In his Farewell Speech, President Obama mentioned a threat to our democracy. He stated, “we become so secure in our bubbles that we start accepting only information, whether it is true or not, that fits our opinions, instead of basing our opinions on the evidence that is out there.” First of all, let it be noted that this speech was not a farewell speech; it was a call to action. Let’s do this, people. Also, I appreciate that President Obama speaks the truth about a problem that is prevalent and on the rise. It ties into the problem I already noted about the lack of curiosity, but more alarmingly, it delineates a basic inability in the population to differentiate between fact and opinion. How many of you know at least one person who is simply incapable of separating their opinion from actual fact? I certainly know a few.
The Obamas are strong proponents of community and being engaged. They understand the value and virtue of getting involved in the local community, in helping, and in giving back. Without a strong community, there is not much point to our democracy in the first place. They have raised their girls to embrace these virtues as well, and they have grown into fine young women in the spotlight of America.
I love that President Obama is bookish. I am seriously going to miss that, and many, many other things about him. I don’t imagine any books will be opened at all, let alone read, in the White House in the next four years. I looked forward to seeing what would be on the President’s summer reading list and then picking up a copy of the ones that looked like the most fun or most important to me. I’m happy that I have read many of the same things that have been on President Obama’s reading lists that the White House has released.
President Obama has also been a champion of science and evidence-based learning throughout his term in office. He and his family encouraged reading, health, and awesome nerdy science things. He made the White House Science Fair a thing, y’all. These actions are highly important, not only in the leader of the free world, but in basic quotidian life. How can a person function well if they are not able to tell the difference between their own opinions and actual fact? It’s cool when the two overlap, but that is never a given. As Daniel Patrick Moynihan stated, “You have the right to your own opinion, but not to your own facts.”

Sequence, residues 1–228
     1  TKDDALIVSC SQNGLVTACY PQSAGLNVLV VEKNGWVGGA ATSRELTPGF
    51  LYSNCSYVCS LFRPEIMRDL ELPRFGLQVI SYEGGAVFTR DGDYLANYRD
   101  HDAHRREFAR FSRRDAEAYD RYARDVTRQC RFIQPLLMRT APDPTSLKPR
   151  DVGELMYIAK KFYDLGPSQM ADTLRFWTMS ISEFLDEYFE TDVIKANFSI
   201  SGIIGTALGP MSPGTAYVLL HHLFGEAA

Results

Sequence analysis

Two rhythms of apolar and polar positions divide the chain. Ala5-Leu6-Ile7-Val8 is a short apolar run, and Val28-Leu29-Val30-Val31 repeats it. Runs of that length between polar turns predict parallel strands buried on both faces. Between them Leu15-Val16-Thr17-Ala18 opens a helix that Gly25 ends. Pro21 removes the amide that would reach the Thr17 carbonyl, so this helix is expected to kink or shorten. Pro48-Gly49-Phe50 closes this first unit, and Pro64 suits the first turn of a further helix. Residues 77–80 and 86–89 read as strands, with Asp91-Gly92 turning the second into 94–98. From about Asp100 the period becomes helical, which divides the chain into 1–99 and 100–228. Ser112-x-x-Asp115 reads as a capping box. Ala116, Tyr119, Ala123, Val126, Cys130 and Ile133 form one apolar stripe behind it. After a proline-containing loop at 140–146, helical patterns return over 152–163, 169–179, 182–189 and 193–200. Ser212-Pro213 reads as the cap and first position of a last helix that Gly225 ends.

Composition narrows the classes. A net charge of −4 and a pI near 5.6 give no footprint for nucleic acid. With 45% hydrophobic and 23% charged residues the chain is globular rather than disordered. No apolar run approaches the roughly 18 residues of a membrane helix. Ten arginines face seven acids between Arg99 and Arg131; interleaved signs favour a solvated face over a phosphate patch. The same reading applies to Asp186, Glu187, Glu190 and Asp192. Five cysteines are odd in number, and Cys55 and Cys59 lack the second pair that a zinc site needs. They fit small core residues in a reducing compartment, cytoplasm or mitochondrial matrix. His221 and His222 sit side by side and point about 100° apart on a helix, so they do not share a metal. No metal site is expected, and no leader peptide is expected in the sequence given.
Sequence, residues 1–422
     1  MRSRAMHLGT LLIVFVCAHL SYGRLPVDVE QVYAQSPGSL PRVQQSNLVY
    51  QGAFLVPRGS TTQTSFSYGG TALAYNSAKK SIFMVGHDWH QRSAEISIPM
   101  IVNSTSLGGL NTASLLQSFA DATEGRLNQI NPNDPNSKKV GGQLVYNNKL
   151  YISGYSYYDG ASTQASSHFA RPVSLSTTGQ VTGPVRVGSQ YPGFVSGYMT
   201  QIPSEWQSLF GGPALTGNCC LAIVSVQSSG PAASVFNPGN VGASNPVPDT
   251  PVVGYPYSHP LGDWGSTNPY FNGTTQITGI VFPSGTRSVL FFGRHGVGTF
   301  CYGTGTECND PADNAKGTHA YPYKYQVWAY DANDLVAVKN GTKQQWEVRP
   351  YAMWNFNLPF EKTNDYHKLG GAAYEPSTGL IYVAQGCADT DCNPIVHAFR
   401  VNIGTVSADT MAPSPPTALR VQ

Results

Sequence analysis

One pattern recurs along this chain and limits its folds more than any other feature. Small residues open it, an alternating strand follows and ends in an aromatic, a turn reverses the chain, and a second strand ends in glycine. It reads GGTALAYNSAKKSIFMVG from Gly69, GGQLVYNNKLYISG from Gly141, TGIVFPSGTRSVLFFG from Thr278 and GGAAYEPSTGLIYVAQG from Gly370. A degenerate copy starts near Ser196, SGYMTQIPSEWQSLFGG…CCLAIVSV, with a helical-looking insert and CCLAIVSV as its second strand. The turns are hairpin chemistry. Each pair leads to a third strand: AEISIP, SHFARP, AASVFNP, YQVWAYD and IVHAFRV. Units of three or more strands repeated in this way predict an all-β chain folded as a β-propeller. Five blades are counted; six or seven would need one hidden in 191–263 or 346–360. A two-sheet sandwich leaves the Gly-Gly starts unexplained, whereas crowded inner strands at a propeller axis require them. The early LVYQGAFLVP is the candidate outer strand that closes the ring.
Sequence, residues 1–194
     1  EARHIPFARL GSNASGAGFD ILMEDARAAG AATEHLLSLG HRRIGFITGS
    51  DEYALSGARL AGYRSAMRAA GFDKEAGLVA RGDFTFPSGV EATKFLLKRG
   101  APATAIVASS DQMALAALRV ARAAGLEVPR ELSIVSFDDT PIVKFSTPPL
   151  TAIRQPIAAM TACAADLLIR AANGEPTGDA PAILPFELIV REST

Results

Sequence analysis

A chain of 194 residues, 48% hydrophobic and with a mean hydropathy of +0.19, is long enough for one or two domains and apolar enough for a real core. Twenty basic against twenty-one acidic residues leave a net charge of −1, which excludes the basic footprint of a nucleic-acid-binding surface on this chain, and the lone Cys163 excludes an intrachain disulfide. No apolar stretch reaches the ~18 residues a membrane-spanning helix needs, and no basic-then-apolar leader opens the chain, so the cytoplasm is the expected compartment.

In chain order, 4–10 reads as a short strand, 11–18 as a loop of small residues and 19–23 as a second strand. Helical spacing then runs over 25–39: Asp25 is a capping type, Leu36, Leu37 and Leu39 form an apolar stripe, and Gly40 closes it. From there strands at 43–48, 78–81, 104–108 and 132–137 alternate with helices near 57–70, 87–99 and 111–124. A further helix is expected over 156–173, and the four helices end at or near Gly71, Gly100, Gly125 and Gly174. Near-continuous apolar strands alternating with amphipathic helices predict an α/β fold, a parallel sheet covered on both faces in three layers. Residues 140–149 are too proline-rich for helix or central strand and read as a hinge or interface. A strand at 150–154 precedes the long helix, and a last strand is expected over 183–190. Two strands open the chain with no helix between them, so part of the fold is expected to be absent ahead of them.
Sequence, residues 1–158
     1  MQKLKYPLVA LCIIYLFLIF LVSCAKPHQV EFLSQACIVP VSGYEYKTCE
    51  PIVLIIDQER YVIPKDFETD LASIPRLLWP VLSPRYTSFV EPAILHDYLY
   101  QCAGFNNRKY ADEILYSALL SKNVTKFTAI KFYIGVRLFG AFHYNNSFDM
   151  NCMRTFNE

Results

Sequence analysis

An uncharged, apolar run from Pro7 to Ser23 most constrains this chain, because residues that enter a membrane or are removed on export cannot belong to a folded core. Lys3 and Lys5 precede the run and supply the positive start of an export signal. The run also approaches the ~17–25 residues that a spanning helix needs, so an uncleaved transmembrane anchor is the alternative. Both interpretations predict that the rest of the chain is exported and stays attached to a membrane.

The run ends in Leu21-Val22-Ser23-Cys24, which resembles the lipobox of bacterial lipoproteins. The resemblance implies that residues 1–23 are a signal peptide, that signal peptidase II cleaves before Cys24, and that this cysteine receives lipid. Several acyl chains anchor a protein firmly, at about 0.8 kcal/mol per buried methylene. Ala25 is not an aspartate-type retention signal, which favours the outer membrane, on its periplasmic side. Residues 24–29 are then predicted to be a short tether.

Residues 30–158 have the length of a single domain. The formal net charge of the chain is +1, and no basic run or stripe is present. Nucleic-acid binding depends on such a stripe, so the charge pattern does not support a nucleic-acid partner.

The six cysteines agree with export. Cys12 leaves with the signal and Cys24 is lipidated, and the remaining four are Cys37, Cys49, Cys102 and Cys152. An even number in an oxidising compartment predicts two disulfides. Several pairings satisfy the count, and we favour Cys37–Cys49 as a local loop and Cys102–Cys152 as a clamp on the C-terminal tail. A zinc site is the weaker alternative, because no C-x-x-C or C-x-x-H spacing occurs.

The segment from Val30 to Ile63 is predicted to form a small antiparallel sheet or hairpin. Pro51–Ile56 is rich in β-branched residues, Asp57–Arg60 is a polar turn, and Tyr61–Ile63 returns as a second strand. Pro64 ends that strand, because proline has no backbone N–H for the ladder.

But how does all this tie in with the idea of fact and opinion, and in making that distinction between the two? As President Obama has shown through example, as a genuine leader does, he takes the evidence and information that is available to him, and the advice of his advisers who know more about a subject than he does, and he makes a decision based on the facts in evidence. How do you know if you are conflating your own wishful thinking with fact? Not gonna lie – sometimes it hurts. You have to be willing to examine your thoughts with a sharp gaze and be willing to dump things that do not hold up under scrutiny. That is NOT easy to do, no matter what anyone might like to think. It takes practice. It takes discussion, most effectively with people who hold opposing viewpoints. It can, and WILL, make you uncomfortable. If it doesn’t, you’re doing it wrong.